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    \$\begingroup\$ I bet Lundin's suggestion is correct. The GPU, I would think, is most unlikely to control the CPU's clock. The only other thing that immediately springs to mind is the SD card being very slow to be read. If it constantly reading these instructions from the SD card rather than running out of RAM or its cache it could maybe end up being very slow. That's a real stab in the dark though. Can you see constant SD card activity while the program is running? \$\endgroup\$ – DiBosco Aug 17 '17 at 7:11
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The root culprit is a combination of hardware/peripheral limitations and clock configuration. While I have not had to work with BCM Baremetal specifically, these are common problems of baremetal projects on any complex architecture.

As a hint on the limitations of the GPIO output drivers, you can see that when hardwired as hardware clock output the maximum output frequency is 125MHz

From Page 106 of the BCM Peripheral Datasheet you provided

Operating Frequency: The maximum operating frequency of the General Purpose clocks is ~125MHz at 1.2V but this will be reduced if the GPIO pins are heavily loaded or have a capacitive load.

This is in the context of configuring the GPIO peripheral to output the peripheral clock directly without software toggling.

I would say that it is reasonable to expect even if the clocks are configured properly and the CPU running at maximum rate, you cannot expect a GPIO toggling faster than this due to hardware limitations.

AKA just because the peripheral may latch your software command in time, doesn't mean the physical output driver transistors, which are big and beefy, with a lot of inherent load can switch as fast as your code can run. If you are doing tests it is imperative that an oscilloscope with sufficient analog bandwidth and high quality probes are used, because you are also changing your result with the measurement system. A logic analyzer may not be sufficient, a slow slew rate is not identifiable with thresholded inputs.


How to Proceed

It seems that if your goal is to drive GPIO as fast as you need, for clock purposes, you should use this built in clock output pins of the peripheral. These are configured through registers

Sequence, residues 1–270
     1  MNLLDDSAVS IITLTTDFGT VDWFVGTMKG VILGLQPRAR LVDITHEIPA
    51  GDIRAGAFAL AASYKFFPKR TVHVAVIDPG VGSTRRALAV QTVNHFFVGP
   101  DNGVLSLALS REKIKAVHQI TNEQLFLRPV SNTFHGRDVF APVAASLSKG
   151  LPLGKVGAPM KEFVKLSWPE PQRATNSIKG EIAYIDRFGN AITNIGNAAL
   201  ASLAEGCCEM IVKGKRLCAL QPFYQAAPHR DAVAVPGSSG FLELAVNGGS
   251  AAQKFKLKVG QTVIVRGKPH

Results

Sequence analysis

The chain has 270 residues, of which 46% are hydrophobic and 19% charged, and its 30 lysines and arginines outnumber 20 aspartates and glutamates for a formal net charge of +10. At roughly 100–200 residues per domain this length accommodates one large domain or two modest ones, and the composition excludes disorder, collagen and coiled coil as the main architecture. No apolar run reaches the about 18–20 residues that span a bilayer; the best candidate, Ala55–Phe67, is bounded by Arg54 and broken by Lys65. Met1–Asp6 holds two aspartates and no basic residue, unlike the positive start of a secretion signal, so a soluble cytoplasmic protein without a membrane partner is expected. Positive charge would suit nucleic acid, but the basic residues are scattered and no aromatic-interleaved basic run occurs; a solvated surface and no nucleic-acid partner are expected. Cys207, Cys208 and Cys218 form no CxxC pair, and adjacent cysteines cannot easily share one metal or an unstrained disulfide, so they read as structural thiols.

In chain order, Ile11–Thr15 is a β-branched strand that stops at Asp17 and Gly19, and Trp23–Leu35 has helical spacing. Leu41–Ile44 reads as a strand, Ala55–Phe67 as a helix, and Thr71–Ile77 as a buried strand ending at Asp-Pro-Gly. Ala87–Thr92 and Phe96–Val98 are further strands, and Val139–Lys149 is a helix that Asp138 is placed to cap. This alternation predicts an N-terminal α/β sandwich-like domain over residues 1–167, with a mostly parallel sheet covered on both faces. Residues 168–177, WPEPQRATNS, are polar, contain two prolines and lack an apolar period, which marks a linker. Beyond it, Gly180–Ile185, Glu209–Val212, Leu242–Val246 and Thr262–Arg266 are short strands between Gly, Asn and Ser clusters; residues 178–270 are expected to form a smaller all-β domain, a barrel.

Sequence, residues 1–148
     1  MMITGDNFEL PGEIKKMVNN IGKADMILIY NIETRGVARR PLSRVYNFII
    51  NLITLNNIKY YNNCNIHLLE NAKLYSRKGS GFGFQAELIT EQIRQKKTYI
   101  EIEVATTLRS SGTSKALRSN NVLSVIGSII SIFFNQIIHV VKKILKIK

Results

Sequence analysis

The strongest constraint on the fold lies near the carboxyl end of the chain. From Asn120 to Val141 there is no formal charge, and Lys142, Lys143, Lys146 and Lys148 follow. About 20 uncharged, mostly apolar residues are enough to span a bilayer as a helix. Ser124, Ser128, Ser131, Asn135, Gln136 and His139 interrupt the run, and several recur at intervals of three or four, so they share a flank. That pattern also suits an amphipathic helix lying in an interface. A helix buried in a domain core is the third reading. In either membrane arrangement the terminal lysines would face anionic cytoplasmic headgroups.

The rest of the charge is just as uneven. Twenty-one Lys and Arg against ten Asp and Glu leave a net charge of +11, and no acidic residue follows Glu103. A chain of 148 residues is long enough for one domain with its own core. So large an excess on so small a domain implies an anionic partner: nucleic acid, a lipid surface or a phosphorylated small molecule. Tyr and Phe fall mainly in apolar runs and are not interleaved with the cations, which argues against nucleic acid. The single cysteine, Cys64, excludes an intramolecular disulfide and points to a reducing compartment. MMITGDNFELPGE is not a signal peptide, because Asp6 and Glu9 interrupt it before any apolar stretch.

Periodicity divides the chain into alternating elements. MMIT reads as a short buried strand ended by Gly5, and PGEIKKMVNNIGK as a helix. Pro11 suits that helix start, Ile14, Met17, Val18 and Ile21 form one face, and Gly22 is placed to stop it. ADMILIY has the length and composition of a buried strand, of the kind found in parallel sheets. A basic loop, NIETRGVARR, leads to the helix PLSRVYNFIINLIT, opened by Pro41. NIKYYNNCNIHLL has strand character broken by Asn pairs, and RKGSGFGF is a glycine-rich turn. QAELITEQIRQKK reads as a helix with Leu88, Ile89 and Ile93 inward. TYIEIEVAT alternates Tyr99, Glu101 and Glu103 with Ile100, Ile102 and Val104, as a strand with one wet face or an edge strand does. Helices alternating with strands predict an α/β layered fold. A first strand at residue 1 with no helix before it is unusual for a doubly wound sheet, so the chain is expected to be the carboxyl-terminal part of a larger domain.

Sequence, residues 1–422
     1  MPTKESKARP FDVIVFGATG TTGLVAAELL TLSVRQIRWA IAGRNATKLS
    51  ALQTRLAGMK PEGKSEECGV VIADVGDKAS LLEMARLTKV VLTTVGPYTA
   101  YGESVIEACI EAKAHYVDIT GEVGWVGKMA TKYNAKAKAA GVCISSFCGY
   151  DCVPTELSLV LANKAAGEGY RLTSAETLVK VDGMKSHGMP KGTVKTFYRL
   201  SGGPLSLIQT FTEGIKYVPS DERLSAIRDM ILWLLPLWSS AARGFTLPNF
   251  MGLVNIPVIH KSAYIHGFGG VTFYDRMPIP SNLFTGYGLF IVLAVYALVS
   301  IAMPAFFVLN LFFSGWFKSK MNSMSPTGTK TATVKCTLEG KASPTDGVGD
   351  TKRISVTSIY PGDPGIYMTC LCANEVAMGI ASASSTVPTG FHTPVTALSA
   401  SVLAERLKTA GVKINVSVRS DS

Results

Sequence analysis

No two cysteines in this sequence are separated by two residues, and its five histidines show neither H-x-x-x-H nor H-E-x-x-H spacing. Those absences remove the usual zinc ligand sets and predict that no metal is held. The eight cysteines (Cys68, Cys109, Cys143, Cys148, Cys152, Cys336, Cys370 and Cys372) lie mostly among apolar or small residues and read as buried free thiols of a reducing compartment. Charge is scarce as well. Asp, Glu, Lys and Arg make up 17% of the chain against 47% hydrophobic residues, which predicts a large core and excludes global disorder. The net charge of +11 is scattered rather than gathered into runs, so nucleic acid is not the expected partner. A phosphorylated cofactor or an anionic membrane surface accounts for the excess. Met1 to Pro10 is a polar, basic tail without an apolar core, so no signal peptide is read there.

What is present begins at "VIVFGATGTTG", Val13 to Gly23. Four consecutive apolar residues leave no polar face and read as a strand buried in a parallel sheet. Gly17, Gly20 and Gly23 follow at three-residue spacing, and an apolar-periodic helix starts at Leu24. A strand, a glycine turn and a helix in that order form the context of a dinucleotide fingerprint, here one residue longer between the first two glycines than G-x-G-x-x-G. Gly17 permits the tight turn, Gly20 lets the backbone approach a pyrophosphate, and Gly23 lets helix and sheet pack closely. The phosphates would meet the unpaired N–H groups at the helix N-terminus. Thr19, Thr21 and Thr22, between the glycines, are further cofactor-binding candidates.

CM_GP0CTL CM_GP0DIV (repeat for gp clock outputs 1 and 2)

Then depending on the results of this you will identify the maximum switching frequency for your hardware system taking into account the maximum GPIO load and the VDD of your PIO circuit.

If the clock output is slower than expected for your nominal divider settings this would indicate that you have not configured the system clock, clock routing, and PLL's appropriately.

Once you have identified that disagreement you can tweak your bare metal bootstrap code to configure the PLLs and see if a software controlled toggling can be made to run as fast as the hardware controlled clock output and go from there.

Additional contributing factors may lie in the Instruction and Data Caches, which require software configuration, if you are unable to align the software toggling with the hardware limit through PLL alone that would be the next place I would look.

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Just came across this question from a cross-post.
The main issue which is not discussed in all the comments above is the bus speed. The processor may be running at 3GHz but the buses on the chip are not. The bus on the ARM side is much slower than 3GHz. The bus towards the GPIO is even slower, running on the GPU speed. Add to that the time lost for clock domain crossing and the fact that the buses are a shared resource between the ARM cores and the GPU. Also the chip uses the AXI system which has a write-acknowledge thus the processor may wait for the write acknowledge to arrive which is twice the bus turn-around speed. In the bus infrastructure it takes several clock cycles to get the signal from one side of the bus to the other (But it allows multiple transactions to be on the bus at the same time).

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  • \$\begingroup\$ This is not likely to account for the full magnitude of the observed behavior. \$\endgroup\$ – Chris Stratton Mar 17 '18 at 15:22